Cooling down stress in crisis times
The central bank used all those risk management tools when it had to extend its discount operations to smooth negative local economic shocks. This was true both at the intensive and extensive margin. To show this, we study how crisis stress – such as the war in Cuba between Spain and the US, a cattle disease, or a bank run – impacted the discount activity in the 20 regional economies.
In crisis times, the Banque de France increases its liquidity support more to risk averse agents and to agents that had the ability to pledge more collateral. During a crisis, the central bank values more relationship lending and discounts with agents who had already used the discount window a year before. The rationale is that the Banque de France had accumulated a backlog of information on them, most often because they use the discount window to transfer funds within France through the national payment system operated by the central bank.
Crises also bring new users to the discount window. In regional economies hit by a crisis, most newcomers to the discount window were non-banks. The region around Moulins in the centre of France – where young calves were fed to grow – exemplifies the case. Two droughts and a cattle disease had put a strain on the farmers. With the unfolding of the financial distress, the discount activity with banks had increased significantly, but a notable development was the discount to the landlords of grass fields who increased credit to their clients, the cattle farmers (see Figure 1).
Figure 1 Volume of liquidity provided by the Bank of France in Moulins, 1890-1905, by category of presenters
Source: Archives of the Banque de France, Banque de France supervisory report of Moulins (1890-1905).
Reading: In 1898, Banque de France counterparties borrowed 3,120, 000 francs, the suppliers of the crisis-hit sector borrowed 2,320,000 francs and the other non-bank counterparties received 1,800,000 francs.
Note: The category crisis-hit sector features mostly local landlords and some cattle farmers whose activity was hit by weather shocks and a cattle disease. ‘Other non-banks’ includes non-banks whose activity was not directly impacted by the crises. Shaded columns represent crisis years (weather shocks and a cattle disease).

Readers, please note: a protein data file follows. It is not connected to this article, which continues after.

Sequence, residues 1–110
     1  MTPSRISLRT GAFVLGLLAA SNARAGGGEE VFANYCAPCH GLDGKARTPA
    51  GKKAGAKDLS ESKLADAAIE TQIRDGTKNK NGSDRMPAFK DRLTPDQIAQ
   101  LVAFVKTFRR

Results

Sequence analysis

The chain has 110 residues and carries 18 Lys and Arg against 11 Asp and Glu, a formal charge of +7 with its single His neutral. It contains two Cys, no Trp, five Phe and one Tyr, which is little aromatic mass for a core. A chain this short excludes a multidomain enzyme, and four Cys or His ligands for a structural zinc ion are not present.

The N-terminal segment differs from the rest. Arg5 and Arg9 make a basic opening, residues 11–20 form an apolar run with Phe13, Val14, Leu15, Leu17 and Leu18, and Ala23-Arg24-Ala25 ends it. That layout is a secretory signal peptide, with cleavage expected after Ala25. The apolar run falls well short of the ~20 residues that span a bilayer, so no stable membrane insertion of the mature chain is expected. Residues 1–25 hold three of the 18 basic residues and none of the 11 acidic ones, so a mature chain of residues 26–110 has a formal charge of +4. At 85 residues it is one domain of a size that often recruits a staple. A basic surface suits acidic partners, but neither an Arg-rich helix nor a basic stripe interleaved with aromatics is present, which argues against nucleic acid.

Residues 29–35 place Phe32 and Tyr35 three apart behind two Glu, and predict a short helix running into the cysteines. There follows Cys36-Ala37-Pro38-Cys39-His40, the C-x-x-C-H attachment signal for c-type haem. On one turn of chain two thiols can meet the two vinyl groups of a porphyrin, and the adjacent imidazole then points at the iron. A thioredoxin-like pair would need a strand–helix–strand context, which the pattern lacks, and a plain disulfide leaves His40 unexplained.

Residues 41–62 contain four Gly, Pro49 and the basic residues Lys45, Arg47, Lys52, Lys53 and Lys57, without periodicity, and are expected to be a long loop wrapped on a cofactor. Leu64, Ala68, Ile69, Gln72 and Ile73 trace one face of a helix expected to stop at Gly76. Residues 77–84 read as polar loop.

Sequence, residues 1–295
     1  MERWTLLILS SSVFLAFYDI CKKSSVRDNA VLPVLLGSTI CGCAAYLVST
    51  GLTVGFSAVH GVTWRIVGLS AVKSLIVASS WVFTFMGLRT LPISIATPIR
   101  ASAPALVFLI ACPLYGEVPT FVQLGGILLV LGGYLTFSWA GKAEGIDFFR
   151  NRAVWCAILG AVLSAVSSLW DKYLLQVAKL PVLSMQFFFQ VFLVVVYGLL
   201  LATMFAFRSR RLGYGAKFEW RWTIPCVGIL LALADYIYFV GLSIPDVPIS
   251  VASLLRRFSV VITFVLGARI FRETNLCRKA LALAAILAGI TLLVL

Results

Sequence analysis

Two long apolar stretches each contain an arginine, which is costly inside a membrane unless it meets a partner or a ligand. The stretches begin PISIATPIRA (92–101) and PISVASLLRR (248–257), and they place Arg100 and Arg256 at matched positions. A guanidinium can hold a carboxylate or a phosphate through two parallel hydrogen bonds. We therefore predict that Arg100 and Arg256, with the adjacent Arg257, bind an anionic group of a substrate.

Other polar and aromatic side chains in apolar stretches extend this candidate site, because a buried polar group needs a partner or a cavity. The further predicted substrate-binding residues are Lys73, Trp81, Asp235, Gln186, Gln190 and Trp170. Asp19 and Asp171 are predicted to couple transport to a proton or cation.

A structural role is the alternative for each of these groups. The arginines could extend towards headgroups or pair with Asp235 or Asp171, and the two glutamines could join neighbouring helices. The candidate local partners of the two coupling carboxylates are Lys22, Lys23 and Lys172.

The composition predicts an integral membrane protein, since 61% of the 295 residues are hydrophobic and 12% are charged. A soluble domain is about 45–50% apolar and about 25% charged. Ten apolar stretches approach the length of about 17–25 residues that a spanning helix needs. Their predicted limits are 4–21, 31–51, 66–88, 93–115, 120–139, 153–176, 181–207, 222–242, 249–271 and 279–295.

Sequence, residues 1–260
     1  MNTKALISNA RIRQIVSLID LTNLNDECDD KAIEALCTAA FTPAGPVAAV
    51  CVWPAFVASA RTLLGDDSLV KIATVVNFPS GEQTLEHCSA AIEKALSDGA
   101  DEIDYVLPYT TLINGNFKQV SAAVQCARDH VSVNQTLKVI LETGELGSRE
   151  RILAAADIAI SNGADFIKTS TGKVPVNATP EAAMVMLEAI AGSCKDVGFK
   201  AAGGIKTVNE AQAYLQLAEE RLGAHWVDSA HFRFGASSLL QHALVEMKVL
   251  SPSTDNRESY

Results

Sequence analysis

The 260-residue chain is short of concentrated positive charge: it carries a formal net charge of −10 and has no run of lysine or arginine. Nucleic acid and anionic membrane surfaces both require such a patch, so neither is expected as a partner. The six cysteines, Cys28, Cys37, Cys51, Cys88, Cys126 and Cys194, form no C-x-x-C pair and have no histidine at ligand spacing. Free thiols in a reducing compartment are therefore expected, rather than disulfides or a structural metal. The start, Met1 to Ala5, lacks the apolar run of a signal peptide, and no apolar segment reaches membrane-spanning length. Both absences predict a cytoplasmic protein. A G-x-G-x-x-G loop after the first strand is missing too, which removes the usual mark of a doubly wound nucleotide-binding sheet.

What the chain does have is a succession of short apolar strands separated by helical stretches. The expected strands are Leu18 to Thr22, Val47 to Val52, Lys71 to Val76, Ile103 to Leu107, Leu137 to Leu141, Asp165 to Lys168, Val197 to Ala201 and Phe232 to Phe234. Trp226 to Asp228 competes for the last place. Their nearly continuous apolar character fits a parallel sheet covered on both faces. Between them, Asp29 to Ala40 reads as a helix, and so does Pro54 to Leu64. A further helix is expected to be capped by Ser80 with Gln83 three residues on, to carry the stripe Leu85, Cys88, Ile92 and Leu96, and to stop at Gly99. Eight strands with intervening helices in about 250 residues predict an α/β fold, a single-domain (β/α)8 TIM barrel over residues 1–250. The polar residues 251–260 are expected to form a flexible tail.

To make sure that access to the discount was effectively opened to a diverse set of counterparties, the Banque de France accepted a broad and diverse set of guarantees to the discount operations. On top of marketable securities, it also accepted credit default swap-type instruments such as sureties, a special contractual form whereby the issuer promised to pay in lieu of the debtor in case of a failure. Figure 2 shows that this was especially useful in crisis-hit regions where the proportion of discount operations guaranteed by credit default swap-type guarantees was more than twice the level of that in non-crisis regions.
Figure 2 Use of credit-default-swap type of guarantees among counterparties in districts hit or not hit by a crisis
Source: Archives of the Banque de France, rapports d’inspection 1898.
Reading: In 1898, 36% of counterparties from the regions hit by a crisis pledged a credit-default-swap type of guarantee.
Note: The category ‘crisis’ groups 20 regions – out of 94 – that were hit by an economic crisis triggered either by trade reduction caused by the Spanish-US war of 1898, by an agricultural disease or by a bank run.
Finally, our study indicates that the Banque de France made special use of its screening of risk appetite in distressed times. At the same time, new non-bank counterparties increased their probability of accessing the discount window in crisis times if the central bank deemed them to be risk averse.
Although operating this risk management framework requires a lot of information gathering by front, middle, and back offices, it is worth noticing that the Banque de France did not lose money in crisis-hit regions despite an increased discount activity and a more diverse set of counterparties. This illustrates how the central bank mastered the risk-taking channel of a wide discount window by adopting the right set of risk management tools, thus endowing it with a tool which was efficient in reducing payment system stress.
Conclusion: Lessons from the history of the Banque de France
With the ongoing change in day-to-day payment habits towards more digital and unbanked solutions, central banks are not without weapons. They can turn to their own history to adapt their refinancing policy to the new environment. This may help them to adapt their toolkit to address potential additional risk to financial stability without requiring them to increase their risk load.
Avaro, M and V Bignon (2019), “At your service! Liquidity provision and risk management in 19th century France”, CEPR Discussion Paper 13556.
Bignon, V and M Flandreau (2018), “The other way: A narrative history of the Bank of France”, in Edvinsson, R, T Jacobson and D Waldenström (eds), Sveriges Riksbank and the History of Central Banking, Cambridge University Press, pp. 206-241.
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Committee on Payments and Market Infrastructures (2015), “Digital currencies”, Bank for International Settlements, 23 November.